Breakfasts are continental: bread, margarine, jam, tea, and coffee. There are some characters staying here. One guy yesterday kept talking loudly to everyone in the kitchen about his legal difficulties in Ukraine and at the Polish border, and his girlfriend's unreasonable demands ("you know how women are" I heard him say). After he left, the Polish guy at the front desk came over to me and said, "that guy's crazy." At breakfast, I had a retired English teacher from Scotland sit at my table and start to talk, but he turned out to be rather hard of hearing and somewhat "off." He also had been in Ukraine. "How long," I asked? "Three months... no six months... no nine months... wait, I think it was twelve," he said.
Today we went to the Schindler factory. They asked me to arrive 20 minutes before 10, but the door was locked and didn't open until 10. Still, it worked out as we got in before two very large Polish high school tours. We briefly met a survivor who had been in Theresienstadt, but had no time to really talk to her.
The Schindler museum is a professionally done museum chronicalling the imprisonment and murder of the Jews of Krakow and the conquest and enslavement of the city. When I was here in 2007, they were still working on it. Like many new museums, this has all sorts of artifices to concretize the experience: floors and walls that recreate bombed neighborhoods, ghetto streets, or the Plaszow slave labor camp. I have mixed feelings about these sorts of recreations, as they veer too close to a Disneyland-like theme park. There was a moving memorial at the end called the "room of choices"in which there were brief quotes in various languages describing life and death decisions people made.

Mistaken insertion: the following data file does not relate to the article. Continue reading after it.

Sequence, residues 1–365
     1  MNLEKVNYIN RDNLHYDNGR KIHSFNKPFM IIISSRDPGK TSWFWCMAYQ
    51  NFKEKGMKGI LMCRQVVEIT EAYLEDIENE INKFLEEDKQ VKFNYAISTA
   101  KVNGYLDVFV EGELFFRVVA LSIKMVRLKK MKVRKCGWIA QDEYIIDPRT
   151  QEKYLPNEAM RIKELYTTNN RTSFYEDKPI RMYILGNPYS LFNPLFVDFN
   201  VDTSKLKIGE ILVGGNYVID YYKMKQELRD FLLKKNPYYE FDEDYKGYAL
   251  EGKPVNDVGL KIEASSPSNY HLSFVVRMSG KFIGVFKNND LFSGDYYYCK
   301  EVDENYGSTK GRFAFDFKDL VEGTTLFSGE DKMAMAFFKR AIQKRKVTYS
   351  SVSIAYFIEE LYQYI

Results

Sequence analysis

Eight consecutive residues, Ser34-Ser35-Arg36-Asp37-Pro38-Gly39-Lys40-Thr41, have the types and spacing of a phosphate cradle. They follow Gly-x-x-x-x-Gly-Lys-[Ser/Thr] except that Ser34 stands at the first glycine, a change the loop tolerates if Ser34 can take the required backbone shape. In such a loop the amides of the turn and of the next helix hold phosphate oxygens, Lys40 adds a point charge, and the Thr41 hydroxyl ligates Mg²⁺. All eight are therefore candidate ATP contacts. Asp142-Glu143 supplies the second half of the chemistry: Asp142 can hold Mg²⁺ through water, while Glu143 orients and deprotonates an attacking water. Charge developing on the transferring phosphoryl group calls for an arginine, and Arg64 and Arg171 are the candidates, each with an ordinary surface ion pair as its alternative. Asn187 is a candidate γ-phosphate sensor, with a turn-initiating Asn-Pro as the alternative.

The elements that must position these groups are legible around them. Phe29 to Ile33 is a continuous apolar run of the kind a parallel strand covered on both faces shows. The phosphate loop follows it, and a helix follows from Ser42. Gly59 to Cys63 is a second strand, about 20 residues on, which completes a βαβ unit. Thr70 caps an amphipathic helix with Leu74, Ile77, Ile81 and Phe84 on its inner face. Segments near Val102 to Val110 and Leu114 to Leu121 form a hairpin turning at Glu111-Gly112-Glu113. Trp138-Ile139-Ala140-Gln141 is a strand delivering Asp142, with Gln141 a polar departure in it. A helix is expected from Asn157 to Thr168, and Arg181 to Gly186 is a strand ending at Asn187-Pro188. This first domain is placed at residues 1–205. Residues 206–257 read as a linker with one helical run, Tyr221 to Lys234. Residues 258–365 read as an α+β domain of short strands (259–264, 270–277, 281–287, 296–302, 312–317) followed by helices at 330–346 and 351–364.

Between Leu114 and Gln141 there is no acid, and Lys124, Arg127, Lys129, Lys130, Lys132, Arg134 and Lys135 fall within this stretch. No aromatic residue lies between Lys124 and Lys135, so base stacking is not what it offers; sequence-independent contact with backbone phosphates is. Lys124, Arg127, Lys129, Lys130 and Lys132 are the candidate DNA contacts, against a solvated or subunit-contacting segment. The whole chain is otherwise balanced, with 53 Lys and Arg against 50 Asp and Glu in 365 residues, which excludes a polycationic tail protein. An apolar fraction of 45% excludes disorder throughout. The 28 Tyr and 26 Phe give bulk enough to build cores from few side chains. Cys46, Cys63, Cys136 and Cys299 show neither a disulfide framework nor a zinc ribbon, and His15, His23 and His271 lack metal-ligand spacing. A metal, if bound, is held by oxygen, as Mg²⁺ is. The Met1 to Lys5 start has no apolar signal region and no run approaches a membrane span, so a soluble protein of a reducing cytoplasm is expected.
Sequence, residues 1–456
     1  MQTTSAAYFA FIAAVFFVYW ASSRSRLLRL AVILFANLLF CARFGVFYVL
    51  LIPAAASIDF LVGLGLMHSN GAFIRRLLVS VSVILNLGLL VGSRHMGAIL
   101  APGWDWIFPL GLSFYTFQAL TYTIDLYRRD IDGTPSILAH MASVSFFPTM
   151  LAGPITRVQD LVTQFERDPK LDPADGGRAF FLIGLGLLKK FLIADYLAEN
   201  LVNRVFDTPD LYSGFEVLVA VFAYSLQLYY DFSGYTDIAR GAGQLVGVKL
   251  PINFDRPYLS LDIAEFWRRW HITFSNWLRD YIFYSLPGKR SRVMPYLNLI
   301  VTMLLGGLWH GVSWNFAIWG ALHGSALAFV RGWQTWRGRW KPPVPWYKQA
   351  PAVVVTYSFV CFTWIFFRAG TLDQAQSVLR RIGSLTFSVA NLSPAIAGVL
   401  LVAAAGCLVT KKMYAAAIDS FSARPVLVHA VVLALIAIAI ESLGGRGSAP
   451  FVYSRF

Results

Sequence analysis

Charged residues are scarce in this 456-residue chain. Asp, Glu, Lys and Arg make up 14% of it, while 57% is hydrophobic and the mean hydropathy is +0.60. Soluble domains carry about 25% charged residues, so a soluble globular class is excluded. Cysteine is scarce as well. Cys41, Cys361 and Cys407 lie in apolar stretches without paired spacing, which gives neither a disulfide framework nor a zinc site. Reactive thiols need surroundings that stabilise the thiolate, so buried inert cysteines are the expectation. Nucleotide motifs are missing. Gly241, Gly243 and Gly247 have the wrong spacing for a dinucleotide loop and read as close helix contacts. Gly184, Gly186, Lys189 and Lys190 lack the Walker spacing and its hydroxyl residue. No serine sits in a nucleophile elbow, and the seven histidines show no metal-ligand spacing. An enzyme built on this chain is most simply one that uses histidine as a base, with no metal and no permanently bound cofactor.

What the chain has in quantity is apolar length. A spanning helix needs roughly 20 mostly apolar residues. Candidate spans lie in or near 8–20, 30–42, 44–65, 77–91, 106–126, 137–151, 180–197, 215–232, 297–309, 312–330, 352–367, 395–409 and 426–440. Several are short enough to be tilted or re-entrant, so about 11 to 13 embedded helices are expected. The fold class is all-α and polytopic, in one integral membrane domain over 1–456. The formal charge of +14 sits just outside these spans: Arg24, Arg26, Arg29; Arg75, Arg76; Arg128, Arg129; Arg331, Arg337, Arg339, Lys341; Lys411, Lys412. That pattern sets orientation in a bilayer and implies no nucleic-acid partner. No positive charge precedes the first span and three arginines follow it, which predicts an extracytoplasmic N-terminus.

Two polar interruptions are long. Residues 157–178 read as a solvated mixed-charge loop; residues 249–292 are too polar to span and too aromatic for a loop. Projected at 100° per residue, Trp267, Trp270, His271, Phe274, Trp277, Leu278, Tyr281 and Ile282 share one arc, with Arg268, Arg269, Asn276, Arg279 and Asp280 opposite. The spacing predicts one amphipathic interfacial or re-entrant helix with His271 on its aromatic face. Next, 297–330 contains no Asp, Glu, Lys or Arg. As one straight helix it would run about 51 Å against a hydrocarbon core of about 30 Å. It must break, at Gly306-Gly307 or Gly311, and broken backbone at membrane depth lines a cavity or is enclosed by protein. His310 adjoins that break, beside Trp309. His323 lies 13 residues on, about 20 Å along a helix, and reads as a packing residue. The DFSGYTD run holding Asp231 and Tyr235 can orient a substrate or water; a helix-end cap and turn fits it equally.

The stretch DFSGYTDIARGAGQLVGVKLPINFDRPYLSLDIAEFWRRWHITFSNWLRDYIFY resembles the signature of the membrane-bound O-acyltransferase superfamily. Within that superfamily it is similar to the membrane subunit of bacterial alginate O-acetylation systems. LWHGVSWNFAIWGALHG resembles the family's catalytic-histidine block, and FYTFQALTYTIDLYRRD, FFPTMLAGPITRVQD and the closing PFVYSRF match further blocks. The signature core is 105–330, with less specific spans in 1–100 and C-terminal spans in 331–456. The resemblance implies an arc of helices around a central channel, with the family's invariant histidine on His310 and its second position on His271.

We found a restaurant opposite the main ghetto square for lunch. I ordered the daily special: dill soup, stuffed cabbage, and "kompot"-- a kind of fruit drink made from soaking strawberries in water. I also got the mizeria -- sliced cucumbers in sour cream. Two of the students liked my stuffed cabbage so much they ordered it after finishing their main courses. Afterwards, we walked to a coffee house for coffee and cake. I asked for a cafe au lait, but got a large cup of coffee with maybe an inch of steamed milk on top. I added four tablespoons of sugar to make it drinkable.
The sky was getting threatening and it was hot and humid, so we went across the square to the pharmacy that stood in the ghetto. The owner was the only non-Jew in the ghetto and did everything he could to help the Jews. Afterwards, we took the tram to Plaszow. The entire camp was torn down, but we saw where Amon Göth's house stood. He was the camp commandant, and he used to shoot at prisoners randomly for target practice. People live in it still and there's a sign up that it's for sale. At one point the humidity spiked and it started to drizzle, but the main rain fell mainly north of us. We went up to see the central memorials and then made our way back to Krakow.
We stopped off at a grocery store around the corner from the hostel. I picked up some butter and juice for the morning, along with a fresh banana and some joghurt. The students are all showering and then we're meeting for dinner at 6 pm. I'm going to take them to the former Jewish quarter where there are lots of cafes. Tomorrow, we're off to Tarnow.